Wednesday, February 1, 2012
Report from DC
A quick report from the first two days of Community Justice 2012 in Washington DC, where representatives from 7 countries and 75 different jurisdictions have come together to share their wisdom with one another and learn from experts in the field:
The capacity crowd of approximately 300 participants includes a good mix of newcomers and old friends. I was particularly gratified to see a good contingent of Center for Court Innovation alums on hand -- people like Derek Miodownik and Juli Ana Grant and Kate Krontiris who have gone on to greater glory but still have managed to stay involved with the world of court reform.
When the Center is at its best, one of the things that I think we do well is bridge the worlds of theory and practice. The agenda for Community Justice 2012 was a good example of this: panels on nuts-and-bolts subjects like how to implement an effective community service program were mixed in with more academic material on the relationship between crime and place and the dimensions of procedural justice.
While it isn't healthy to put too much stock in praise from officialdom, it is always nice to hear good things said about your agency. In this case, Community Justice 2012 presented an opportunity for people like Washington DC Mayor Vincent Gray, drug czar Gil Kerlikowske, and Assistant Attorney General Laurie Robinson to highlight the contributions that the Center for Court Innovation has made to criminal justice reform in the U.S. (Kerlikowske's humorous plug for Daring to Fail was particularly appreciated.)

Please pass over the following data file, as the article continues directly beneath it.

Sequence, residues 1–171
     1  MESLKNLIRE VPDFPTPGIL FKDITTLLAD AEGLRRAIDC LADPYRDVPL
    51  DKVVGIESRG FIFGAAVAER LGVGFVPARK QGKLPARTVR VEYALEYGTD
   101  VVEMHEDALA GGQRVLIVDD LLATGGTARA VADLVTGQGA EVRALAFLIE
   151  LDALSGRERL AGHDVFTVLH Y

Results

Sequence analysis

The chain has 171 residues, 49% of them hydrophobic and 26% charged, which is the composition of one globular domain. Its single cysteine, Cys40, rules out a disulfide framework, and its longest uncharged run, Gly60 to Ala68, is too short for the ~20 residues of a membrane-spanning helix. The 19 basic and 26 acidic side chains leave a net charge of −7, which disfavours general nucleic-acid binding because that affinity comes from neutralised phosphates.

Last night, the DC court system and Target helped us host a reception for the attendees at the conference. As part of the event, we recognized the contributions of a number of folks, including longtime Seattle community court judge Fred Bonner, the founding team behind DC's East of the River community court, and Midtown Community Court judge Richard Weinberg who has recently been moved to a new assignment.
From my perspective, the spirit at the conference was notably upbeat. Despite the general mood of austerity, which includes the current federal restrictions on food expenditures (which meant that we couldn't provide guests with coffee let alone a meal) and the reality that many local jurisdictions are having to make some hard budgetary decisions, there was a general sense of optimism in the room. I think some of this may be attributable to the fact that the ideas that community courts embody -- treating defendants with dignity and respect, crafting meaningful alternatives to incarcerations, reaching out to local residents to bolster their confidence in government -- seem to be gaining traction in a lot of places. It is also worth noting that very few of the community courts represented at the conference are dependent on federal funding -- most are supported by state and local government.
While we throw a lot of events during the course of a typical year -- trainings, roundtables, open houses, etc -- this conference is one of the biggest we have put together. Many different departments played a role -- communications, technical assistance, operations, research, etc. If you'll forgive me a paternal moment, I couldn't be more proud of the team. Julius Lang and everyone who works in community justice technical assistance deserve enormous credit for pulling off a complicated undertaking with grace, style and a minimum of aggravation.